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Tuesday, October 23, 2012


Tony ScottDirector Tony Scott had an antidepressant and sleep medication in his system when he plunged off an L.A. bridge in August, say coroner’s officials, who ruled Monday he died of multiple blunt-force injuries. Christine Pelisek reports.

British director Tony Scott had therapeutic levels of Mirtazapine, an antidepressant, and Lunesta, a sleep aid,
in his system when he leaped off a Los Angeles bridge in August, coroner officials said Monday. The Los Angeles County coroner ruled the 68-year-old Top Gun director’s death a suicide and said he died of multiple blunt-force injuries.

But the preliminary findings don’t make the motive for Scott’s suicide any clearer. After his death, friends found a detailed suicide note at his office and police discovered a letter with contact numbers in his black Toyota Prius, but the contents of the notes were never made public. ABC News reported that the director was suffering from inoperable brain cancer, though there were no public reports of health problems. On Monday, chief coroner spokesman Craig Harvey said Scott had no underlying health problems and there was “no anatomic evidence of neoplasia [cancer] identified.” The results of the coroner’s autopsy will not be available for two more weeks.

Scott, who was known for his trademark red baseball cap, and his 74-year-old brother, Prometheus director Ridley Scott, had been producing the hit CBS drama The Good Wife at the time of his death. The two men were also working together on Killing Lincoln, based on the bestseller by Bill O’Reilly.

Just two days before he plummeted to his death, Scott had met with Tom Cruise to discuss a sequel to their 1986 hit Top Gun. The men toured the Fallon U.S. Naval Air Station in Nevada, where the real Top-Gun pilots train.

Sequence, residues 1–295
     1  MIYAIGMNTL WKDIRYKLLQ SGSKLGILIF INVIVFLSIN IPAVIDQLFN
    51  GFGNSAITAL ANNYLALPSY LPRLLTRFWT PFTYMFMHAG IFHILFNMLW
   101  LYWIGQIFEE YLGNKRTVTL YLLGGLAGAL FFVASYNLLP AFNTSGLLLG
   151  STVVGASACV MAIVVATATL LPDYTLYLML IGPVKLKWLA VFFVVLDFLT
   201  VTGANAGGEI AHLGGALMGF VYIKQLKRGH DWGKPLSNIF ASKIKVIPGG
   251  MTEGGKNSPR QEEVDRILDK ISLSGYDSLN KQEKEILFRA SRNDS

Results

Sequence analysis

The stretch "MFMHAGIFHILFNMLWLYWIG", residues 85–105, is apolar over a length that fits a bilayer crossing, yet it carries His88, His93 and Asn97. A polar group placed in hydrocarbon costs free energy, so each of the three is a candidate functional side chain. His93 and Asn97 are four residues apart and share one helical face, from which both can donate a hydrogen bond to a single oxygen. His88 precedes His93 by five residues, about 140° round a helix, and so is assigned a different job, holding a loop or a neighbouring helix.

Cruise, who was reportedly devastated by Scott’s death, said at the time in a statement: “Tony was my dear friend and I will really miss him. He was a creative visionary whose mark on film is immeasurable. My deepest sorrow and thoughts are with his family at this time.”

Around 12:35 p.m. on Aug. 19, Scott drove onto the Vincent Thomas Bridge, which spans the port city of San Pedro and Terminal Island, and parked at the bridge’s highest point, officials said. Witnesses reported that the director got out of his car and climbed the 10-foot fence on the south side of the bridge before plunging 185 feet into the cold murky water below. Los Angeles harbor patrol, the U.S. Coast Guard, and the Los Angeles port police were able to pinpoint Scott’s location by using underwater sonar equipment regularly used to find explosives, and after they discovered his sneakers floating in the water.

Scott was no stranger to the Vincent Thomas Bridge, the fourth largest suspension bridge in California. In a 2009 interview with Rotten Tomatoes about his plans to do a remake of Warriors, Scott spoke about why he planned to switch the movie location from New York to Los Angeles. “It’s a city which is horizontal,” he said. “New York is vertical, all skyscrapers, and Los Angeles is horizontal. I’m hoping to get 100,000 real gang members standing on the Vincent Thomas Bridge for one shot.”

Scott had recently finished shooting the drama Out of the Furnace, starring Christian Bale. He had risen to fame after directing his debut film, 1983’s vampire movie The Hunger, starring Catherine Deneuve and rocker David Bowie.

He lived in Beverly Hills with his third wife, actress-model Donna Wilson, and their two sons.


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